"taking scalps in a sham-fight with the Indians"

Scalping, in which a sharp knife is used to remove part of a person’s scalp and hair, was an attendant part of battle for a number of Native American tribes. That of a slain enemy was a trophy, whilst that of a living one betokened superior might and, it was believed, gave the scalper control over the victim’s spirit. The practice was embraced with gusto by the settlers. Colonial officials placed bounties on the scalps of enemy tribe members during the many wars that erupted, and even Puritan ministers did not find their religious beliefs incompatible with sending their flocks off on scalping expeditions.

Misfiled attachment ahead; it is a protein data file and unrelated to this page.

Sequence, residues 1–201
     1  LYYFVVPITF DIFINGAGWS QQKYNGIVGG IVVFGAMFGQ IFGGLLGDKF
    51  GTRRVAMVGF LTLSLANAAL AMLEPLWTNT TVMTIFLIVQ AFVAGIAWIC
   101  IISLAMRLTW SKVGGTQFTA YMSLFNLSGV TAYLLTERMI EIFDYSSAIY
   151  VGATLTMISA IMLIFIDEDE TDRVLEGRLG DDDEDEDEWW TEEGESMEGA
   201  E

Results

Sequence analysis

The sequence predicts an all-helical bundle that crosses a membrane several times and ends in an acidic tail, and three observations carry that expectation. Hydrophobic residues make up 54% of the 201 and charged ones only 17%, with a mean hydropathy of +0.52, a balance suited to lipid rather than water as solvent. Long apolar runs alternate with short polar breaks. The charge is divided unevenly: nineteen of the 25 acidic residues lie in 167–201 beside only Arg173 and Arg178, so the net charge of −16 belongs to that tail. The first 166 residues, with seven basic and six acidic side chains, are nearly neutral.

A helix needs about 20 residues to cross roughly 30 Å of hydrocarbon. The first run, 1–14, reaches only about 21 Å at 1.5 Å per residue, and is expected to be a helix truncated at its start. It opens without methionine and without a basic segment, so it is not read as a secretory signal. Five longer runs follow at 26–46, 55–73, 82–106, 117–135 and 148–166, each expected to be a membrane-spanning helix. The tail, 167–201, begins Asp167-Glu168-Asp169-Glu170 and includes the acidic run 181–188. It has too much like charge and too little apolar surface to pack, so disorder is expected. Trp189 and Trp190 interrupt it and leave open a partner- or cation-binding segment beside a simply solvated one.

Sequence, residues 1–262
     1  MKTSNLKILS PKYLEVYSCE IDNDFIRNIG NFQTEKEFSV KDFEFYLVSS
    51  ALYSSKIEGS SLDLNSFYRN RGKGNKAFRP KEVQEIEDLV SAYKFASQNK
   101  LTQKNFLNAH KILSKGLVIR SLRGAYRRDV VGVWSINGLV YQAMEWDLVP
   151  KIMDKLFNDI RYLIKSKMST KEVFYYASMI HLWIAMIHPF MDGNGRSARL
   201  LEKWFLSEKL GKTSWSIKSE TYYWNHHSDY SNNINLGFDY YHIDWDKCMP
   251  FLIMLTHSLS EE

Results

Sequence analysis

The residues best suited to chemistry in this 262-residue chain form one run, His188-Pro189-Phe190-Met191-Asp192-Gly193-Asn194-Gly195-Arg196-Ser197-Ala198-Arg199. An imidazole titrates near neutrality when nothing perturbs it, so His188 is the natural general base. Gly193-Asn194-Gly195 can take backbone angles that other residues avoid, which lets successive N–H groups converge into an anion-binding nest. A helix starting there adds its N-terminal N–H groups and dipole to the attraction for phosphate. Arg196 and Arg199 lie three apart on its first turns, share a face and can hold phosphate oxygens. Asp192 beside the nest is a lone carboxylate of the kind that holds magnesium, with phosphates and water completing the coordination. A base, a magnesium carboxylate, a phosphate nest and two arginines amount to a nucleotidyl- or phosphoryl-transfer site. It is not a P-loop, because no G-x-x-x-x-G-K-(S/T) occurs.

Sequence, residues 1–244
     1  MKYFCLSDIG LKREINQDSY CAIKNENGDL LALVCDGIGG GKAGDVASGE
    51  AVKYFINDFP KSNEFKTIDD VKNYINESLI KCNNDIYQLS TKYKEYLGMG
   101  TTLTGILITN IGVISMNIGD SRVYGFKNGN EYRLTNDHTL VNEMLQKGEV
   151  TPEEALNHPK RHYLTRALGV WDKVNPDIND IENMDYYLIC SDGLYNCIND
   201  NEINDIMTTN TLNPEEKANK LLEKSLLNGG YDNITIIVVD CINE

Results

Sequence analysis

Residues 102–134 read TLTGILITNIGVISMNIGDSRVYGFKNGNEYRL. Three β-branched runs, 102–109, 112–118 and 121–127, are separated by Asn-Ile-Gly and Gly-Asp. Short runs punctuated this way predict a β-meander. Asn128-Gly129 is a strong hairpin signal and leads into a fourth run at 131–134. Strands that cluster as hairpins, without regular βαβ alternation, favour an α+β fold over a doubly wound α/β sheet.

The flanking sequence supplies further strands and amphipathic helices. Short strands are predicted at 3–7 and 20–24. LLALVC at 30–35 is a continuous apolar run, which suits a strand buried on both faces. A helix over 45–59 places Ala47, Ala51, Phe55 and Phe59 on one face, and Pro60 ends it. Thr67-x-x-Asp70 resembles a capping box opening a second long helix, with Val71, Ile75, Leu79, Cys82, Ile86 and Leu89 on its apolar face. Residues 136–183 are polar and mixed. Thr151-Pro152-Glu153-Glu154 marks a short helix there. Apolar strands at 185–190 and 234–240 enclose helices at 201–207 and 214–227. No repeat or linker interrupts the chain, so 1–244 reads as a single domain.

Colonial heroine Hannah Duston scalping Native Americans ( (1847)
Public DomainColonial heroine Hannah Duston scalping Native Americans ( (1847) - Credit: Junius Brutus Stearns